Mangesh v State of Maharashtra

Court :
Supreme Court of India

Brief :
The case is about the accused’s sister having an affair with a man, X and the accused being in disagreement with the affair. Watching the couple spending time together one day, the accused, in the heat of the moment, assaulted X with a knife, thrice and then ran away from the spot. X died on way to the hospital later and his statement to PSI before he died was considered as an FIR under Section 307 which later converted to Section 302 of the Indian Penal Code. It was further argued whether the appellant had intention of causing death of the deceased (X). The Court, then decided that the act of the appellant was not pre-meditated and it all happened because of sudden provocation, and thus, the accused was convicted under Section 304 of IPC and not under Section 302 of IPC.

Citation :
(2011) I Cri. L.J. 1166 (S.C.) Appelant- Mangesh Respondent- State of Maharashtra

Section 304: Punishment for Culpable Homicide not amounting to murder

CASE: Mangesh v State of Maharashtra (2011)


  • P. Sathasivam 
  • B.S. Chauhan

DATE OF JUDGEMENT: 5th January, 2011


The appellant’s sister, Sandhya had a love affair with Prashant (the deceased victim) for about 2-3 years. The appellant was fully aware of the said affair and had been expressing his disapproval. The appellant had also had altercations with Prashant several times. The appellant found his sister, Sandhya and Prakash chatting with each other at about 9:15 p.m. at a short distance from his home, on 30th April, 2003. Getting angry by watching them spending time together, the appellant further assaulted Prashant thrice, with a knife and ran away from the spot. 

The appellant’s sister, Sandhya then stopped a police jeep passing through. The police helped shift Prashant (the deceased) to the hospital. On the way to the hospital, Prashant made a statement to PSI, Bhaurao Meshram which was treated as FIR under Section 307 IPC (attempt to murder). Following the aforementioned events, Prashant died before reaching the hospital and his FIR, was thus, converted to one under Section 302 IPC (punishment for murder).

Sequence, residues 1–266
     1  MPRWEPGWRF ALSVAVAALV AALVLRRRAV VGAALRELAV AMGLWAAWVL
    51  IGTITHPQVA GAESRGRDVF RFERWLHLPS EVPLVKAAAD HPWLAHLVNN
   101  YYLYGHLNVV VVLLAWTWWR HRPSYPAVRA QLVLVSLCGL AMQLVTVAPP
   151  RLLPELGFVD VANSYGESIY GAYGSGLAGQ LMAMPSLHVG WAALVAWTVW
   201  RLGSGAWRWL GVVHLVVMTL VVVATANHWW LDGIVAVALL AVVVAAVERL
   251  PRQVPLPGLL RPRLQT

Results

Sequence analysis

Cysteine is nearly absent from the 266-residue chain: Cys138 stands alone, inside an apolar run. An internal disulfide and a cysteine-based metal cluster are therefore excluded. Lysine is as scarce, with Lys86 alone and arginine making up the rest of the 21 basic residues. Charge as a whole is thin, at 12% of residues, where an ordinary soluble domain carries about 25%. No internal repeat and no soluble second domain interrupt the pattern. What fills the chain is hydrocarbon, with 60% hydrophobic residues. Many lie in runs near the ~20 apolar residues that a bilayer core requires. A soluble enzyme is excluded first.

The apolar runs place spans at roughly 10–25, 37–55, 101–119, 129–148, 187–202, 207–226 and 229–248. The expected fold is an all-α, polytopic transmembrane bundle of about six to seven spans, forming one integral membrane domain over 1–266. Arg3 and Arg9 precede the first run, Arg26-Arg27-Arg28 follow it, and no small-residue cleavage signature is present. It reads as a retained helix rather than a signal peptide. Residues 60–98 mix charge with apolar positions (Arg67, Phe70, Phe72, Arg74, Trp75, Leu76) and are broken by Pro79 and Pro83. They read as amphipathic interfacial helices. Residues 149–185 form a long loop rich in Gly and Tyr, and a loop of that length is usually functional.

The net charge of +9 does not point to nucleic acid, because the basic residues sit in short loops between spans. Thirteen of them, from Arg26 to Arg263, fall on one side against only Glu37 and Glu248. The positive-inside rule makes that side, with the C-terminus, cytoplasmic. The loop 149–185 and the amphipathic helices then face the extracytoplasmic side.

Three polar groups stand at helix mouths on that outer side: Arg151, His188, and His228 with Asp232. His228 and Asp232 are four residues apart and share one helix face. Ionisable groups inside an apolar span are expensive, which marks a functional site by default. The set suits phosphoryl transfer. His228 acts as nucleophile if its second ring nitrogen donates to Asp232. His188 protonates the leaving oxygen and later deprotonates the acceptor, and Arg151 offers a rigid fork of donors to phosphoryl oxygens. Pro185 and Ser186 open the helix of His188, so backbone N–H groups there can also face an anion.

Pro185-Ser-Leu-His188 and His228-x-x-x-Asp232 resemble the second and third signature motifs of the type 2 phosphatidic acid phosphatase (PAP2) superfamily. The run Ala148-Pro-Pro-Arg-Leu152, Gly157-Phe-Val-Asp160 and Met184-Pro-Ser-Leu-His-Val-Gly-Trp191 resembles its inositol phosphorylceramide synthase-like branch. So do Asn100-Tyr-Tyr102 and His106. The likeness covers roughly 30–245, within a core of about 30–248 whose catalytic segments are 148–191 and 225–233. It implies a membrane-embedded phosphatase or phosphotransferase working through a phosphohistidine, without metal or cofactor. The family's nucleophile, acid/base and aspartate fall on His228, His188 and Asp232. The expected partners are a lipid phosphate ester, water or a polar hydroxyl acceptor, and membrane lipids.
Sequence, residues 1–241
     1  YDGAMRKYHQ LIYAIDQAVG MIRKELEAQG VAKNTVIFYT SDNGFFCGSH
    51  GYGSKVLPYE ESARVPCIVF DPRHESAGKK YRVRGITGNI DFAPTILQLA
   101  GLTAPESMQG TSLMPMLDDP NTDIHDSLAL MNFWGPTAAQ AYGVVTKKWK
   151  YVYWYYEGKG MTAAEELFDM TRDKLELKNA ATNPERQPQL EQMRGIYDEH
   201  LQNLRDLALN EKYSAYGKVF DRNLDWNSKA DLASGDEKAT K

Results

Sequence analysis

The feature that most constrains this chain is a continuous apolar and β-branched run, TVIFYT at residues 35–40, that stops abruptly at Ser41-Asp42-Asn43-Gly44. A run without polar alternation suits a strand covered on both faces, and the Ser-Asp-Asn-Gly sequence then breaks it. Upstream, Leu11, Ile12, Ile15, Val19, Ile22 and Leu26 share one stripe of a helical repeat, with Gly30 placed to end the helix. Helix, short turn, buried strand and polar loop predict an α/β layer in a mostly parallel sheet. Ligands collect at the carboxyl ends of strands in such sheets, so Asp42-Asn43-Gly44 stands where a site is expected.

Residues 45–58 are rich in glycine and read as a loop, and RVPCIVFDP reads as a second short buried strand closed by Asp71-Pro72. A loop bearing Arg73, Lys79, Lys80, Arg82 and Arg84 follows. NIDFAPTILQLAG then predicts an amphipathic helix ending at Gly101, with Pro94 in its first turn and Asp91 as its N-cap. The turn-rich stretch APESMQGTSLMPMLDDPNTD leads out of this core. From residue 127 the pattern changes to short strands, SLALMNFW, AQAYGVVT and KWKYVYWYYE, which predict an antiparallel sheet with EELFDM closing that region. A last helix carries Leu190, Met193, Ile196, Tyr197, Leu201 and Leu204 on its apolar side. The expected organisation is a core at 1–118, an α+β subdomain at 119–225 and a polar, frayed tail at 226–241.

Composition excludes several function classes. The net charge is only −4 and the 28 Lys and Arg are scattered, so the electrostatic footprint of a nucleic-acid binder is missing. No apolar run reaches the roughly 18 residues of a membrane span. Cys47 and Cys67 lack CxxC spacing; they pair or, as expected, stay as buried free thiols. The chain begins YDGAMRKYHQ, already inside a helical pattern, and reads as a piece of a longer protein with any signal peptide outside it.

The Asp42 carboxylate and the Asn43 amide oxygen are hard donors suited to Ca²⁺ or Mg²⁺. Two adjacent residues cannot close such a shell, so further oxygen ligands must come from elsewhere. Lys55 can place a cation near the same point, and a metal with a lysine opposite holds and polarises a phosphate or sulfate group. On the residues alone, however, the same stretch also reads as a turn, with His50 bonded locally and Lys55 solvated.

Prashant made two dying declarations, one to the PSI in the police jeep and another to Mr. Prakash, Special Judicial Magistrate on 1st May, 2003 stating that the appellant had caused knife injuries to him.

After the investigation was concluded, a charge sheet was filed against the appellant under Section 302 IPC. The prosecution examined several witnesses, however, the main eye witness to the whole incident, Sandhya did not support the case of the prosecution. 


  1. It was argued that none of the eye witnesses supported the case of the prosecution. Sandhya, the main eye witness of the incident; as well as, Panchnama witnesses of the recovery of knife, were not in support of the prosecution.
  2. It was further argued that the appellant had stabbed the deceased with knife, twice in the thighs and only once in the chest, and since the knife blow was not given with full force, it cannot be concluded that the accused had an intention to kill Prashant.
  3. Another argument that was made stated that, if the appellant intended to kill the deceased, it is unlikely that he would flee the place of crime without inflicting more death-defying injuries to the deceased.
  4. The last argument that was made was that, after reviewing the evidence, it can easily be concluded that the appellant had not pre-meditated the incident and it all happened in grave and sudden provocation, and thus, the accused should be convicted only under Section 304, Part I IPC (Culpable Homicide not amounting to murder) and not under Section 302 IPC.  


The trial court, after hearing the arguments of both sides and after considering the evidence on record, convicted the appellant under Section 302 IPC (murder) in accordance with the judgement and order dated 16th March, 2004. 

The appellant further filed an appeal to challenge the previous conviction under Section 302 IPC.

It was later found that the facts and circumstances of the case required alteration of the conviction of the appellant from Section 302 IPC to Section 304 IPC and thus, the ends of justice were met by sentencing the appellant to ten years of rigorous imprisonment and the appeal was then disposed of.


I am of the opinion that the latter judgement did true to the appellant because the evidence shows a clear lack of intention to kill and since the appellant was already in disagreement of his sister’s affair with Prakash, it can be observed that this case was simply a case of lost control in the heat of passion.


Vanshika Kapoor
on 24 July 2018
Published in Others
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